Not entirely true. IOR Favoured displacement and penalised stability heavily so there was and obvious incentive to limit stability by placing weight in the bilge. One of the loopholes the light (e.g. Jenny H etc.) and heavyweight (Resolute Salmon, Bay Bea etc.) centreboarders of the late 70s exploited was to place essentially all their ballast in the bilge and only enough weight in the centeboard to give it negaive buoyancy.
IIRC, centerboard boats got a draft credit, permitting deeper and narrower foils that were more efficient. Lifting them to reduce wetted surface downwind was a bonus. While giving up stability for a lower rating was a loophole, point remains that if the daggerboards had been fixed keels of solid lead they still couldn't have held all the ballast. I sailed DB and keel minitons, and even the keel boats had over 50% of the ballast internal...there simply wasn't enough keel volume. When the Farr DBers converted to keels they still carried internal ballast, and as I noted even the heavy displacement masthead keelboat Holland 40 carried about 50% of the ballast internally. Look at how much smaller keels became between the early 70s and early 80s...much thinner, too.

And saying the IOR favored heavy displacement isn't entirely accurate, as the ORC had to keep penalizing the lightweights because they were much more competitive. The trend even worked its way to the big boats, as Ceramco New Zealand showed.

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Google only really shows IOR MKIII & MKIIIA (1982) i am sure i read about a later ruling & another IOR MK!!!(*) (*), somewhere.

So the last generation that was required to fit more keel baallast did so via thicker and deeper keels then, RKosh?

I'm not aware of MKI and MKII ever being implemented, perhaps they were just trial runs? MKIII was the standard rule. Older heavier boats that complied with certain parameters qualified for MKIIIA, which gave them a credit to allow them to remain competitive. It was implemented about '76 or so.

The keel issue was merely that designers improved keel shapes so much that keels could be made smaller and still provide good pointing. Making them bigger to enclose all the ballast would have increased induced drag and wetted surface, requiring a larger sail area (higher rating) and also increased stability (also higher rating). Logical solution was to locate the remaining ballast in the bilge above keel, though it was very common to place it further forward to increase bow-down trim which also reduced rating. The Holland 40 I raced on had about 2000# above keel and another 2000# under forward hatch. This did cause a controversy in the '87 SORC as the RC did a secret midnight inspection of the boat after getting liquored up at the Nassau YC bar following the Miami-Nassau Race. Next day they announced public ally we were being DSQ'd for removing ballast (and not carrying anchors/chain in measurement position). None of the RC were certified measures. We had to fly in a measurer (at our expense!) to go over the boat with the RC and show them the glassed in lumps in the bilge which contained the lead, and the sail bags lashed to a fwd ring frame which held the anchors and chains. What a stupid and pointless procedure. RC was just pissed at us for kicking ass in an old, supposedly obsolete, boat.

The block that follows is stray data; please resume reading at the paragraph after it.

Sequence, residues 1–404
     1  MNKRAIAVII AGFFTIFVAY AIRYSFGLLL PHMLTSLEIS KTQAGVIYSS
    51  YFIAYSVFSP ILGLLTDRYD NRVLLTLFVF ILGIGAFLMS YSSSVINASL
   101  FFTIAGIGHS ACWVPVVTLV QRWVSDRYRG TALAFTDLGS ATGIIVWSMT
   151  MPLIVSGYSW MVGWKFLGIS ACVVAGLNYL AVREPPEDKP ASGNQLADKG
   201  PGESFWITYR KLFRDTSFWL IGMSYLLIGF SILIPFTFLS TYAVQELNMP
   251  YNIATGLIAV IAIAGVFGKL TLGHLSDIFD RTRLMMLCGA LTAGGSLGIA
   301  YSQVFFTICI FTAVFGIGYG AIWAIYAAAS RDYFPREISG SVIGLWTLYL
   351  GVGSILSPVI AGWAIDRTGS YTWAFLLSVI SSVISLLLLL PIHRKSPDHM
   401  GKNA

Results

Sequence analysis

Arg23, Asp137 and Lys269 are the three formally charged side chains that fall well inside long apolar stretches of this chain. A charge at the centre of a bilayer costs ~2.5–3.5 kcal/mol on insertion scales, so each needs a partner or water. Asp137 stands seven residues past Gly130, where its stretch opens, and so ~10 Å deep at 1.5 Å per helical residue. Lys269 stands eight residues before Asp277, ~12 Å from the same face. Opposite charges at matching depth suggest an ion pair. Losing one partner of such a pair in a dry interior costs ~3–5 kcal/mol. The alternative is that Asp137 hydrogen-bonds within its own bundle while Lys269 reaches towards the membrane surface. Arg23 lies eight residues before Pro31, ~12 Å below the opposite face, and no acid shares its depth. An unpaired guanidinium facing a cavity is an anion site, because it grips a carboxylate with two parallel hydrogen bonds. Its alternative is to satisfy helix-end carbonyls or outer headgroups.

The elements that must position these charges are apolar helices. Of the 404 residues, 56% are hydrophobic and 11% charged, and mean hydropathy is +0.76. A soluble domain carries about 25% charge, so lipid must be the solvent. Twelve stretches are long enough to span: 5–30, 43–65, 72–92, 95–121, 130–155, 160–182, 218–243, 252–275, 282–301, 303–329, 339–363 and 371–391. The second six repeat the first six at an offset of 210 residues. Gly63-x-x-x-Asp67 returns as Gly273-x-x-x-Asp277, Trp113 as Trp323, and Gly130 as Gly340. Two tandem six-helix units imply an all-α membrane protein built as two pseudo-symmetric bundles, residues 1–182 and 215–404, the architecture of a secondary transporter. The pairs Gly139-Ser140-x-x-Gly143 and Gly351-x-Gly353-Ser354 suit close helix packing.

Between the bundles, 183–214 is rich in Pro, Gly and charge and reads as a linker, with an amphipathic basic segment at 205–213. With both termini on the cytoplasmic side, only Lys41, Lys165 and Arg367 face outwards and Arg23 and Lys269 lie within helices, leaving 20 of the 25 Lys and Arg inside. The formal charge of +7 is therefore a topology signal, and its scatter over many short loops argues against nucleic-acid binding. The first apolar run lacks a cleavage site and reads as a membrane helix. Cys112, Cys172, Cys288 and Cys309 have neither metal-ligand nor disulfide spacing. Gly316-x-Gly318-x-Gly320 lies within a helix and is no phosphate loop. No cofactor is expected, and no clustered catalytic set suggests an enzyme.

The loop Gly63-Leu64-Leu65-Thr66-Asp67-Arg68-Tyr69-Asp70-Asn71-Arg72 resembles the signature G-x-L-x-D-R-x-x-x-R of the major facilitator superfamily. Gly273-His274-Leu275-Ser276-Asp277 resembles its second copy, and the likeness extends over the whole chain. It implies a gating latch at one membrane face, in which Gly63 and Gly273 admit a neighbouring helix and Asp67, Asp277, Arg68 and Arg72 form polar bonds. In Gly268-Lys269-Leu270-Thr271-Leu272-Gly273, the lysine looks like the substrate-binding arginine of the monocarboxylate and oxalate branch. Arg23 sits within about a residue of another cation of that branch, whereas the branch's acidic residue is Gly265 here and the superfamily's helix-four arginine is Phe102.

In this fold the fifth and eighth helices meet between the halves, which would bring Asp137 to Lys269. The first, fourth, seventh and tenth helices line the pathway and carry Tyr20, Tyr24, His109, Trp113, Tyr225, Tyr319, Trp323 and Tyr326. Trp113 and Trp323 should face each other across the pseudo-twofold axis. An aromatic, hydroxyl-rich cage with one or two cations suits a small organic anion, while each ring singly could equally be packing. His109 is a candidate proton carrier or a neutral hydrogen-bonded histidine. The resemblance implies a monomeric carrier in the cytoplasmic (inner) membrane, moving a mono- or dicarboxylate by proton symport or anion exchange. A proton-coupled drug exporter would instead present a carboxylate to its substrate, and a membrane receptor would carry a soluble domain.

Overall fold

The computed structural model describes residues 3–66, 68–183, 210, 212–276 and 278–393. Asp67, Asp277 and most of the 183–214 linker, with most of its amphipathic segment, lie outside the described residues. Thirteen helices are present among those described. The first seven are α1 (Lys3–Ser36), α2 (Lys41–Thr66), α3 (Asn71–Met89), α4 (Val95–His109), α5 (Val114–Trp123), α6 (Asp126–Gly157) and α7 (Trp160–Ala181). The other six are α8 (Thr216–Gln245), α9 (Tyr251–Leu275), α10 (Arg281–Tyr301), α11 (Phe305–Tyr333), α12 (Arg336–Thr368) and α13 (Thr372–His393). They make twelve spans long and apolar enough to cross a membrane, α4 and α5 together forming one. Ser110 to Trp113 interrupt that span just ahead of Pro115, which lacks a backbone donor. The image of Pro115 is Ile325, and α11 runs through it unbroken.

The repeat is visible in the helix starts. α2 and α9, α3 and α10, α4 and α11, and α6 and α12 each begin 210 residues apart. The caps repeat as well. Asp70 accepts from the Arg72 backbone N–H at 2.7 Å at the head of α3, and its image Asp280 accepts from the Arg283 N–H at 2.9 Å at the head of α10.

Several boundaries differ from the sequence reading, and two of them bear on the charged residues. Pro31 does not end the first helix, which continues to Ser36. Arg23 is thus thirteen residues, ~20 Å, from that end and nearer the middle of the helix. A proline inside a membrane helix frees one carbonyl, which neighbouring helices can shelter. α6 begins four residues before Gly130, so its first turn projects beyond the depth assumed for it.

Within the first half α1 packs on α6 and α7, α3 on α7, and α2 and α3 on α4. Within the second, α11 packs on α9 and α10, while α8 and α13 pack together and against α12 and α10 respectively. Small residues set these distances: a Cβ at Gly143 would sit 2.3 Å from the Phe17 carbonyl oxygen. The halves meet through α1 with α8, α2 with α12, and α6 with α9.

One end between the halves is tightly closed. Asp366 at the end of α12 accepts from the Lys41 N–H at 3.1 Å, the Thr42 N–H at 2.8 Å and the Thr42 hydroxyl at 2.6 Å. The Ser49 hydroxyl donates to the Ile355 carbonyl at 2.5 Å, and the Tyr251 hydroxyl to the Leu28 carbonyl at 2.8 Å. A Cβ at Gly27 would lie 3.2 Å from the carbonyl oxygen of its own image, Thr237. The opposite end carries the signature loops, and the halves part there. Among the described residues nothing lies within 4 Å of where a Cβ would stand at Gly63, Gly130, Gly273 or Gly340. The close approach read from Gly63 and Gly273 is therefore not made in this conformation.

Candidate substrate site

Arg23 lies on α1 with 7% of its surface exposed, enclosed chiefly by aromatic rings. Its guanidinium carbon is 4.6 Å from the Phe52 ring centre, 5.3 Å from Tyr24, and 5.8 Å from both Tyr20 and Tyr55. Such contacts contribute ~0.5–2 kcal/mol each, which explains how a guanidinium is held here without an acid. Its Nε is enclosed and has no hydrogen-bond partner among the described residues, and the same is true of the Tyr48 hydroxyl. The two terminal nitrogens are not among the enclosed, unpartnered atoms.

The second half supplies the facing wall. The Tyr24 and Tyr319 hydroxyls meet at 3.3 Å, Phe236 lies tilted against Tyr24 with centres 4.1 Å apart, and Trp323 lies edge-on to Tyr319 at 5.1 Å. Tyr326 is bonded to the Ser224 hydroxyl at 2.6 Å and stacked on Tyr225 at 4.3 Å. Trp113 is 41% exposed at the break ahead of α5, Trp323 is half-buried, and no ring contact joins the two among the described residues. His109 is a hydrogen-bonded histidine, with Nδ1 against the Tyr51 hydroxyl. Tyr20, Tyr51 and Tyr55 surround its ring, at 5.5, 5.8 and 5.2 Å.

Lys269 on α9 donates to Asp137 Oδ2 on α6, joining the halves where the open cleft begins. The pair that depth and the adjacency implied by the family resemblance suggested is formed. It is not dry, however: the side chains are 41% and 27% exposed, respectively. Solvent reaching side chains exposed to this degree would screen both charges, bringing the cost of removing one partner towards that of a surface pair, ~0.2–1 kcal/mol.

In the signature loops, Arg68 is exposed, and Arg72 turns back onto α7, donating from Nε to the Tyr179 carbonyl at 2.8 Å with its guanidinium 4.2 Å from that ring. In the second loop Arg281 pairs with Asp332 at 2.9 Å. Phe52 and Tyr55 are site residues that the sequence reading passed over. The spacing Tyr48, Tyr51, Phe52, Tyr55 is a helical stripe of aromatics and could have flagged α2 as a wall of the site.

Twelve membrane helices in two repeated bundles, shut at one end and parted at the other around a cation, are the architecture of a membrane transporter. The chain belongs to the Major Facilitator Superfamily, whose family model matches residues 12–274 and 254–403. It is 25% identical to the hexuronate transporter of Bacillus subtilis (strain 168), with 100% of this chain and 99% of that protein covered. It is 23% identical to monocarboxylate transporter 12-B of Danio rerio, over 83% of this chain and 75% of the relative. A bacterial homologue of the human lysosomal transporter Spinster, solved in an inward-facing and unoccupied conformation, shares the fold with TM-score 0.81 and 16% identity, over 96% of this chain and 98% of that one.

Not entirely true. IOR Favoured displacement and penalised stability heavily so there was and obvious incentive to limit stability by placing weight in the bilge. One of the loopholes the light (e.g. Jenny H etc.) and heavyweight (Resolute Salmon, Bay Bea etc.) centreboarders of the late 70s exploited was to place essentially all their ballast in the bilge and only enough weight in the centeboard to give it negaive buoyancy.

 

THIS is the real reason for bilge lead in IOR boats. There was never a design (in that era) that could not fit enuff lead into the keel Designers were playing with stability vs displacement. So if keel lead was removed to make the boat less stable it had to be added back in the bilges to keep the boat on her design lines.

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Of course it makes sense in a handicapping rule but IOR wasn't that, it was a measurement rule which in my experience automatically makes it a development rule.

 

The fundamental problem, it seemed to me, was that it never figured out what it wanted to be. There were elements in the rule administrators who wanted it to be a development rule, elements who wanted it to be a handicap rule, those who wanted it to encourage a healthy cruising boat, whatever that was/is, all sorts of completely incompatible aims...